Want to travel, need some tips

Well hello, I want to make a big travel and need tips so its doesn't cost me too much and what I should be careful and such of the place I go. It going to be my first time


Where do you plan on going?

Are you going with anyone?

Once you figure that out, I am sure someone here will be familiar with the location, and be able to help you.

forgot that crucial info :p

Well I want to go in Japan and there is a high chance I'm going alone
also want to go before year end

You might ask Stephen Bogos or Robert Rath on Twitter, as I believe the former lives there and the latter has been at least once.

Thought about couch surfing? It'd probably save you a fair bit a money if you have the right sort of mentality to do it. Personally I haven't, I'm happy to pay extra for a hotel room of my very own, but it is useful to know the option exists.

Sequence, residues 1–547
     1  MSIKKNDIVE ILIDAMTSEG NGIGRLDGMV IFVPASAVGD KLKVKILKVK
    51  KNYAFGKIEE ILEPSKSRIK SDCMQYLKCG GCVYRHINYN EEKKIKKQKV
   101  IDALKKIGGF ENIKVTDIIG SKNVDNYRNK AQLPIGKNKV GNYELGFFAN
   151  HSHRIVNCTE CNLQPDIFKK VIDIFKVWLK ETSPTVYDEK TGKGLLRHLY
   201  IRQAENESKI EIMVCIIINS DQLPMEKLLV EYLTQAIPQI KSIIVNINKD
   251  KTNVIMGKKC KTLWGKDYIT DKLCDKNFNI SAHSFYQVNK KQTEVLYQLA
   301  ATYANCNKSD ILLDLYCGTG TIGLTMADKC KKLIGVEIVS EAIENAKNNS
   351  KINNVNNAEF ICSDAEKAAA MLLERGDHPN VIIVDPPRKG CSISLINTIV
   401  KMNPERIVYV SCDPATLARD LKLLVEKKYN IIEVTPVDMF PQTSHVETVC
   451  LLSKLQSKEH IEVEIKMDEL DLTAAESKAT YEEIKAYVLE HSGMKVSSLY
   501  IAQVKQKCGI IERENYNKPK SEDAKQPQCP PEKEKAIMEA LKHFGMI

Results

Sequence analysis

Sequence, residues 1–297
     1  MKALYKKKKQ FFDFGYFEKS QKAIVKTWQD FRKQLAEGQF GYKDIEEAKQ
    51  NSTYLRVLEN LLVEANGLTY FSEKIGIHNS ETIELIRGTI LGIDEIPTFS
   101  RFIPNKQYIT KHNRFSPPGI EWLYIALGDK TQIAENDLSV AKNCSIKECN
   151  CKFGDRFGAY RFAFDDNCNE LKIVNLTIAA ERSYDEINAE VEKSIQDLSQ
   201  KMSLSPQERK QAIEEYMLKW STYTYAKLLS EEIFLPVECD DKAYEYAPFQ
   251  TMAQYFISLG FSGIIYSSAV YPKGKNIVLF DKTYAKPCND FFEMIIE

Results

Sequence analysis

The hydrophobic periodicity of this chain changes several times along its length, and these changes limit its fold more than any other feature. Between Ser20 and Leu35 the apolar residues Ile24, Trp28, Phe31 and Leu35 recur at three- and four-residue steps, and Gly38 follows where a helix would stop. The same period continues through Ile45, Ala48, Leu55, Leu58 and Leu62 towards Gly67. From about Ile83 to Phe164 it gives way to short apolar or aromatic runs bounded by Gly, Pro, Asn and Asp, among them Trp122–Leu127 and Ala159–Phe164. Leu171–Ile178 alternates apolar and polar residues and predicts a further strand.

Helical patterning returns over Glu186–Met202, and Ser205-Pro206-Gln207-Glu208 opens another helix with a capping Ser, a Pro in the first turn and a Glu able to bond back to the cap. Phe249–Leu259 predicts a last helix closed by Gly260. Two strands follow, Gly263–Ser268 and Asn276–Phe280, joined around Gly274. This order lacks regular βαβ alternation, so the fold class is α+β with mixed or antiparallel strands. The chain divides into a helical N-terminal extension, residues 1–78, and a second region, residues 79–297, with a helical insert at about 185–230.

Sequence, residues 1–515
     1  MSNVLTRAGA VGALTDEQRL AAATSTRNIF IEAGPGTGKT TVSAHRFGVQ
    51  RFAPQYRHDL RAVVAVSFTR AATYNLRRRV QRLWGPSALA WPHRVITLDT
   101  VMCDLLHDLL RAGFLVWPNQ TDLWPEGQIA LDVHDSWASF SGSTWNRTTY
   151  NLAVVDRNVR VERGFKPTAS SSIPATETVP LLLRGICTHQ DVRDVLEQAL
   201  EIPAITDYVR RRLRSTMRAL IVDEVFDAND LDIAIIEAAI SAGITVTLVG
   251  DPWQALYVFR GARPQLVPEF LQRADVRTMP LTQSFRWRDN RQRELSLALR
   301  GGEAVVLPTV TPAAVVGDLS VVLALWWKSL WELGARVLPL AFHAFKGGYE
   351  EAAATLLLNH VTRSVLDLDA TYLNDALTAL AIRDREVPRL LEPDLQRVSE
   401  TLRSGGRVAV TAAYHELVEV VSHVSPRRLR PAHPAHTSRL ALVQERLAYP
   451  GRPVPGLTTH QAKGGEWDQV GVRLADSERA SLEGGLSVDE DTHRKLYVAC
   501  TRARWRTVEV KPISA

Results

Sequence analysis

Been twice. Japan is grand but make sure you look up how to use public transit in whatever city you're going to because it can be a bit convoluted sometimes. Most you can buy cheaper week-long passes.

Also, try to bring money. Japan is expensive. Especially Tokyo. Air BnB is a decent option for accommodations but keep in mind, you get what you pay for.

Edit: I guess this advice is a bit late. Oh well.

Edit 2: Electric Boogaloo: also yeah, go in fall or spring. Last summer in Asia was idiotically hot and humid, worse than anything else I've experienced. My friend was there and he got heatstoke. So yeah.

Japan is quite a safe country overall, but I heard that it can be quite expensive. I've never been to Japan, but a few years ago I was backpacking in Southeast Asia and usually stayed in hostels. I was also traveling by myself most of the time and found that hostels are usually great to meet people. That was still the time before sites like AirBnb got popular though. Nowadays I usually check both AirBnb and hostels, but still prefer hostels overall because they usually have a more social vibe.